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Mesi's funds mainly from outside Ranzenhofer raps State Senate rival

ALBANY -- If all politics is local, Democrat Joe Mesi had some problems during the most recent fundraising period for his State Senate campaign.

Only $350 out of $140,000 he raised during a recent 14-day stretch came from voters or business interests from within the 61st Senate District -- a showing his opponent, Republican Michael Ranzenhofer, immediately seized upon Monday.

"It's kind of astonishing to see such a huge amount of money coming from outside the area," said Ranzenhofer, an Erie County legislator who is locked in a battle with Mesi, a former boxer, for the seat being vacated by retiring State Sen. Mary Lou Rath, a Williamsville Republican.

Mesi was unavailable for an interview, but a campaign official said that since campaign efforts began earlier this year, Mesi has gotten donations from more than 350 local sources.

"We're dismayed Mike Ranzenhofer continues to rely on cash from government contractors seeking subsidies and sweetheart deals," said Emma Wolfe, a Mesi spokeswoman.

The most recent period required of all candidates covered donations and expenses between Sept. 16 and 29. Only four donations during that period flowed from within the Senate district to Mesi. The rest were from New York City, the Boston area, Chicago, Washington and Los Angeles.

Filings by Mesi and Ranzenhofer show an array of special interests and individuals with a keen interest in which party controls the Senate pumping money into the Western New York campaign. The GOP, which has dominated the Senate for seven decades, has a 31-30 edge over Democrats, and a half-dozen seats are in play around the state. A Democratic takeover of the Senate would give the party control of the two legislative houses and all statewide offices.

The 61st Senate District has an active registered voter enrollment of 74,000 Republicans, 68,000 Democrats and 34,000 independents.

Like any Senate race, both sides took money from individuals or groups with business ties in one way or another to state government. In the recent 14-day filing period, most of Mesi's $140,000 total came from Democratic lawmakers and party committees. Ranzenhofer brought in $68,000.

Neither campaign, though, has attracted some of the biggest dollar attention by the Senate GOP and Democratic campaign accounts, which have been unloading huge sums on close contests on Long Island, New York City and the Rochester area.

Mesi ended the most recent reporting period with $52,000 on hand, while Ranzenhofer had $147,000 in the bank.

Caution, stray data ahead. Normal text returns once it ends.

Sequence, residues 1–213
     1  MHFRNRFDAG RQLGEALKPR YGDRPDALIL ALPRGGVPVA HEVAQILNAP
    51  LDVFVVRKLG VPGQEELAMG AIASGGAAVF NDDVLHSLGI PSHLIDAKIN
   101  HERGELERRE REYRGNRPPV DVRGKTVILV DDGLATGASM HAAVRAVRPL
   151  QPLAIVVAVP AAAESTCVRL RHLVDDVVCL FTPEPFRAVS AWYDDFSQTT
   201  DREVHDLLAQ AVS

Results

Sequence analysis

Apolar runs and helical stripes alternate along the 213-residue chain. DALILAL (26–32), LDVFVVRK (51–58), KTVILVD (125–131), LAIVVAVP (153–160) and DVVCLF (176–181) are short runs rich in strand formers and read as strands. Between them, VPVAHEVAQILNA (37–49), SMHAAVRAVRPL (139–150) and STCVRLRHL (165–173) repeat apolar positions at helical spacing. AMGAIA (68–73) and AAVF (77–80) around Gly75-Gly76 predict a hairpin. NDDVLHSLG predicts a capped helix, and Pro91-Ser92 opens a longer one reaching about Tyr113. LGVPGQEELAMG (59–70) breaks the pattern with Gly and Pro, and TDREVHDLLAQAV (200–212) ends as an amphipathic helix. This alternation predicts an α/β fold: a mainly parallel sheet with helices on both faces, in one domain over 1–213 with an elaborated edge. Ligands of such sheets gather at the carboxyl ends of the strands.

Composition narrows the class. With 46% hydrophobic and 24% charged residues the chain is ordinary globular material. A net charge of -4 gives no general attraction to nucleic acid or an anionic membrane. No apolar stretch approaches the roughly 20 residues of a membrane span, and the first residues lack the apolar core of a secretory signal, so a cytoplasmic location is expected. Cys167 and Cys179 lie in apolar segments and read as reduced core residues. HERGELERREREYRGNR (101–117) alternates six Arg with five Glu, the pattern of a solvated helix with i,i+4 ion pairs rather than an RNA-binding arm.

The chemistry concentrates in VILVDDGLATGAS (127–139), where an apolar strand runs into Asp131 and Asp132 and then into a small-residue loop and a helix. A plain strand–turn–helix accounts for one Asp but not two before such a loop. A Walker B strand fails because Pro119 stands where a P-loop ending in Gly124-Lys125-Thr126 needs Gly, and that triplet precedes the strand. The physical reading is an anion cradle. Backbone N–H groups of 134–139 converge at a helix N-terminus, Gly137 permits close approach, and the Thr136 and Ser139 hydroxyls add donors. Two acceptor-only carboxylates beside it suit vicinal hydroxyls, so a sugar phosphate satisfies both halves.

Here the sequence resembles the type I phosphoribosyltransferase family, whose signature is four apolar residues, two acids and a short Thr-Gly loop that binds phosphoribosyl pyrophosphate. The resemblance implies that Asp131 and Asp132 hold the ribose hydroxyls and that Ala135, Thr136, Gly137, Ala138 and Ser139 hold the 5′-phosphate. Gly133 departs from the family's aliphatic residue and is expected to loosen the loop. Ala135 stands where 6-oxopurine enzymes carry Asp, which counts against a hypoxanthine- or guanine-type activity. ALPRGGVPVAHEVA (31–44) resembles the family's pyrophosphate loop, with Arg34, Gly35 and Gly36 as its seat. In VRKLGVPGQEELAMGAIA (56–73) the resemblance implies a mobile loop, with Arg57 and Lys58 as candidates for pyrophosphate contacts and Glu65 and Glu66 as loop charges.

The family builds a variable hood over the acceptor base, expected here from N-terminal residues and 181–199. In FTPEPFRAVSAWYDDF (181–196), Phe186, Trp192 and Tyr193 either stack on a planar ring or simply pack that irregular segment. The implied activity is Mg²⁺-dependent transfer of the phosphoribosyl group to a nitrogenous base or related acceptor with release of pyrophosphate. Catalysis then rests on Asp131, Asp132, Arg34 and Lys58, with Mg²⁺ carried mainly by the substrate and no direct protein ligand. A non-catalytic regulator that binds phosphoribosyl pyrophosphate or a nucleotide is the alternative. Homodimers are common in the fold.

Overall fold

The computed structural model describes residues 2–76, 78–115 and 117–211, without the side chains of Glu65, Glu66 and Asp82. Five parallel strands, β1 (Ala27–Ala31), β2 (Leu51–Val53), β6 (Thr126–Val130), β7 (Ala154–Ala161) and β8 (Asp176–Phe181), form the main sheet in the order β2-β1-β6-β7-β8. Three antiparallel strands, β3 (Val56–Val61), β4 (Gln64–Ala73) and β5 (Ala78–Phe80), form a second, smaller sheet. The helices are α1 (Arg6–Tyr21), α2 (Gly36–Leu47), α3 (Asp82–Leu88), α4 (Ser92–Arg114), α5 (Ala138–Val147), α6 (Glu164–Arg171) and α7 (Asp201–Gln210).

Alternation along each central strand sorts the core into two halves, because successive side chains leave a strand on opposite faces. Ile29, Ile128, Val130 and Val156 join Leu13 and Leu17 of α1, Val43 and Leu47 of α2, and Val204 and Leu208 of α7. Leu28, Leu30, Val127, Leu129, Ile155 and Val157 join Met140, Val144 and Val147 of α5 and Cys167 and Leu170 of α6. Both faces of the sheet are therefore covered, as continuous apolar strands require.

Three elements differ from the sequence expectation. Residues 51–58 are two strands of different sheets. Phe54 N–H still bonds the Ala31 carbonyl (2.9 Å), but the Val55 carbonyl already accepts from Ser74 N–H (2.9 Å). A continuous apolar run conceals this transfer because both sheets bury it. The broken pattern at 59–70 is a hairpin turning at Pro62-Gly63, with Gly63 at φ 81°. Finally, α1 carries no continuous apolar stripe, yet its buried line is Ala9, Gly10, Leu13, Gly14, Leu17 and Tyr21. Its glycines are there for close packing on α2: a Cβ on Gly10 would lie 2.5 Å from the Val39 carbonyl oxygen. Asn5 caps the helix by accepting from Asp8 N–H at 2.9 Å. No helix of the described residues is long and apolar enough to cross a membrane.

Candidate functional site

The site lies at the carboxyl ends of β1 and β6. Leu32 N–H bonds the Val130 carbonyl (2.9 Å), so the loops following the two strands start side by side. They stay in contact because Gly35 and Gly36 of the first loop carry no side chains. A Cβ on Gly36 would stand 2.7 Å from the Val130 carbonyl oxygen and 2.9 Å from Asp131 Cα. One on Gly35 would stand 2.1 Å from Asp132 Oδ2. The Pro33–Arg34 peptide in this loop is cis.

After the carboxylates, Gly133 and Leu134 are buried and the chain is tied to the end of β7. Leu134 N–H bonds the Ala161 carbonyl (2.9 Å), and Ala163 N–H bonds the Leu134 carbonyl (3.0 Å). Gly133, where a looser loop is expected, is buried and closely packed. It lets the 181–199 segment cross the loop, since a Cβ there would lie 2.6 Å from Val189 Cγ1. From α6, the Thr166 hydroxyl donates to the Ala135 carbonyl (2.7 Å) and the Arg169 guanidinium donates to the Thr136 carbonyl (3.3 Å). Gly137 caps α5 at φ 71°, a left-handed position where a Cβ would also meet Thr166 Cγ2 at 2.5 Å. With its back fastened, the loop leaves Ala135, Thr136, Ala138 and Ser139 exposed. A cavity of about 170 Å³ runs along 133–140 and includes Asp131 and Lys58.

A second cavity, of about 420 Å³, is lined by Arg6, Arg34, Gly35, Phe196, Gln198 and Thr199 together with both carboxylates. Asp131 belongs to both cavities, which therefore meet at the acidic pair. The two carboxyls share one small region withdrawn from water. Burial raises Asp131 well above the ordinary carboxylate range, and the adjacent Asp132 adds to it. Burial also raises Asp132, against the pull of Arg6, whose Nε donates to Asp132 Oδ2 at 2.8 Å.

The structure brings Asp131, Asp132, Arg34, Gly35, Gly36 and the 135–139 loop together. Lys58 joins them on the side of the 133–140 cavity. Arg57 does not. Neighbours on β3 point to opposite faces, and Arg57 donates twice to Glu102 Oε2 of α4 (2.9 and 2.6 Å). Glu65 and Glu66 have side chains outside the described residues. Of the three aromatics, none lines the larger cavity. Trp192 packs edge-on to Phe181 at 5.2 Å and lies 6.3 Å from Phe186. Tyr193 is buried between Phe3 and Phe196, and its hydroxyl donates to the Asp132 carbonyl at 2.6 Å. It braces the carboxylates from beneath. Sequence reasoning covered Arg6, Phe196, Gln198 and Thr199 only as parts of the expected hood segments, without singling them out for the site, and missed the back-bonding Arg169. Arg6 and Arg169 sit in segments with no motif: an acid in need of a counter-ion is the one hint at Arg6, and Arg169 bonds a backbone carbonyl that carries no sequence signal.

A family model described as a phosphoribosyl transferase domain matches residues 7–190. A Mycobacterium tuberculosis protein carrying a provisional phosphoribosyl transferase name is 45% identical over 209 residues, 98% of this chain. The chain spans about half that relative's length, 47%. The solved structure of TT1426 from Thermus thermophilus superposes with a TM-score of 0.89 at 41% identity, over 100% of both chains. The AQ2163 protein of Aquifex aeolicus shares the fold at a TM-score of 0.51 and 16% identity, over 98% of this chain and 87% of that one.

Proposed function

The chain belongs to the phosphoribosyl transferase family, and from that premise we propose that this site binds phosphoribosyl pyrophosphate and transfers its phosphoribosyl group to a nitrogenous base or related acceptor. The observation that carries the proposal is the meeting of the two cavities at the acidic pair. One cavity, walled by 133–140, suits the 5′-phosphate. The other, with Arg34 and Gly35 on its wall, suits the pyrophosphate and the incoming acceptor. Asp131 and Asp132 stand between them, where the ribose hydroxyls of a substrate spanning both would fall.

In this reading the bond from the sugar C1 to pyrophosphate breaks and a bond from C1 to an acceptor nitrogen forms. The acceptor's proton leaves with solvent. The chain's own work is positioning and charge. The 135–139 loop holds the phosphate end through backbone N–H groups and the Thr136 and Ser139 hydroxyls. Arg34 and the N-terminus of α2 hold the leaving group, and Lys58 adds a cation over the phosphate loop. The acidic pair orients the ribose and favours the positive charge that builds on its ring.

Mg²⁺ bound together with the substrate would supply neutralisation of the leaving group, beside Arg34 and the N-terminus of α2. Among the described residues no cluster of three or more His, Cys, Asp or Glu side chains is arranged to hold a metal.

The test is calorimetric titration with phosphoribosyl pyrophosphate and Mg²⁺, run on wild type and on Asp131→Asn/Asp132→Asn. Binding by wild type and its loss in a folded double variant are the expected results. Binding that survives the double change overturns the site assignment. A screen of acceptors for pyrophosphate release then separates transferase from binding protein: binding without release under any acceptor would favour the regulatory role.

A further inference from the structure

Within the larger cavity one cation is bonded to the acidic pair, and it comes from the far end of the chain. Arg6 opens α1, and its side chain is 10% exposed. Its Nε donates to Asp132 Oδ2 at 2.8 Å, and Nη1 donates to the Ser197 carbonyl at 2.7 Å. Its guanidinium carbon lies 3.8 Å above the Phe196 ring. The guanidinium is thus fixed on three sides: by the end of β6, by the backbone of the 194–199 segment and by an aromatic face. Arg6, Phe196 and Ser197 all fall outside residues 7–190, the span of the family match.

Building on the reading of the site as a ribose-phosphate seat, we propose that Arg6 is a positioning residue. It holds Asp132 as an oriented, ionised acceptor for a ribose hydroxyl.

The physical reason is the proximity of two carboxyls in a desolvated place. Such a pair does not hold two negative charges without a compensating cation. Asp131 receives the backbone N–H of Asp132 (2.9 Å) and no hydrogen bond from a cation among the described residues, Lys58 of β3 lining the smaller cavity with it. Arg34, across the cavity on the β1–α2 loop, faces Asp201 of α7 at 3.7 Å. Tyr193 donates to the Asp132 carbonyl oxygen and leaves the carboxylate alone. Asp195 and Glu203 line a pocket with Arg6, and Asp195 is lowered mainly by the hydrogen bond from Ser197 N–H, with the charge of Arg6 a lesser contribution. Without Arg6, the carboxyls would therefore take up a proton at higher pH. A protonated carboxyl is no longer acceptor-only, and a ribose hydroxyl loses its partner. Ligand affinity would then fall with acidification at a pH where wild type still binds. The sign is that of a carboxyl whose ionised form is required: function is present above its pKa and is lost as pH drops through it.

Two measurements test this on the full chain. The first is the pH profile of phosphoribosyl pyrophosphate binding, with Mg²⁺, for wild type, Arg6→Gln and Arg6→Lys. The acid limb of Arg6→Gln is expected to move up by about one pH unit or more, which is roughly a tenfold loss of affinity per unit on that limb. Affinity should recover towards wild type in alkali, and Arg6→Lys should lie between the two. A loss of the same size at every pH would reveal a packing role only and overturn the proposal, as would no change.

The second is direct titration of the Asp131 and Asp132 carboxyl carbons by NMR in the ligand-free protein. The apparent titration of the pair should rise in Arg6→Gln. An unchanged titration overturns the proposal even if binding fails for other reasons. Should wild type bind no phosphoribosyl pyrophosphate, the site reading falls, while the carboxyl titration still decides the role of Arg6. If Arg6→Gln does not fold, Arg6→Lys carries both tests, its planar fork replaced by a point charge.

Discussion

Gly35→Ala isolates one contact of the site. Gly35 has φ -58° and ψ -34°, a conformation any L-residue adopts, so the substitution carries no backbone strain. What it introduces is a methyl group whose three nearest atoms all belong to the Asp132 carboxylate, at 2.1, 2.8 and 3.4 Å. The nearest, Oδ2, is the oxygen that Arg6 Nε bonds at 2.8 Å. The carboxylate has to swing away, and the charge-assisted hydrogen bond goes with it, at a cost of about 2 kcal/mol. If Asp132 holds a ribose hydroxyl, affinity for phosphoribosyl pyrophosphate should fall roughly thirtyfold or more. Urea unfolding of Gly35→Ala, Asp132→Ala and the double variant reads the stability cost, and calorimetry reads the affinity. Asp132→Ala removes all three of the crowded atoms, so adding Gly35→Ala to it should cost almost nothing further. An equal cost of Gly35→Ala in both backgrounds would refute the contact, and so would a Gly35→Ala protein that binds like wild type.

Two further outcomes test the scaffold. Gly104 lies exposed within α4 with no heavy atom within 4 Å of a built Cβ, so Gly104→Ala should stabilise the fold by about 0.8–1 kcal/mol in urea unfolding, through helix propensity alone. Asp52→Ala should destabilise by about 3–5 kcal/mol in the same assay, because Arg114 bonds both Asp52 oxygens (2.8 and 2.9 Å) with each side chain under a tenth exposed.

Givers to Mesi included a number of wealthy national Democratic donors. Henry Van Ameriingen of Manhattan, heir to a flavor and fragrance company fortune, donated $9,500, the maximum for an individual to a Senate general election campaign. Other large donors included David Dechman, a Manhattan investment executive; Ronald Ansin, a former Boston shoe company executive and philanthropist; and the Human Rights Campaign, a Washington group that advocates for gay, lesbian, bisexual and transgender rights.

Mesi got the $9,500 maximum from the Communications Workers of America in Manhattan. His biggest donor was the state Democratic Party, which gave him $72,000. That is the same amount he paid for television ads to Global Strategy Group, a consulting company whose clients include Gov. David Paterson.

Ranzenhofer got the bulk of his money from within the district. Among the exceptions were Rudin Estates, a Manhattan real estate company, which gave him $6,000. He also got $2,000 from a builders trade group. Benderson Development Co. of Buffalo gave an in-kind contribution -- $2,250 for his office space. His money flow from other politicians included $6,500 from Senate Majority Leader Dean Skelos, a Long Island Republican, and $1,000 from Rath.

Of his $106,000 in expenses during the two-week period, $100,000 went to Greener & Hook, a Virginia firm, for television ad expenses; the firm's clients include Erie County Executive Chris Collins.

Beyond their own direct efforts, state party committees are unleashing some funds into the district. Besides the $72,000 it transferred to Mesi's account to pay for the ads, the state Democratic Party also spent another $83,000 on his behalf on unspecified efforts that could have included everything from polling to signs. The Senate Democratic Campaign Committee, meanwhile, reported spending $33,000 on Mesi's behalf during the same period.

The state Republican Party, which without a Republican in the governor's office has far less to spend than the Democratic Party on local candidates, reported no donations or expenses to Ranzenhofer's campaign during the two-week period. The Senate Republican Campaign Committee, the fundraising apparatus for the GOP efforts to retain the Senate, spent $66,000 on Ranzenhofer's behalf.

The district includes northern Erie County, including much of Tonawanda and Amherst, and Genesee County.

The 61st Senate District race is one of three being closely watched in Albany. Democrats have been hoping Kathy Konst could unseat veteran Republican Sen. Dale Volker in the 59th Senate District, while Dennis Delano is trying to take down Democratic Sen. William Stachowski in the 58th District.


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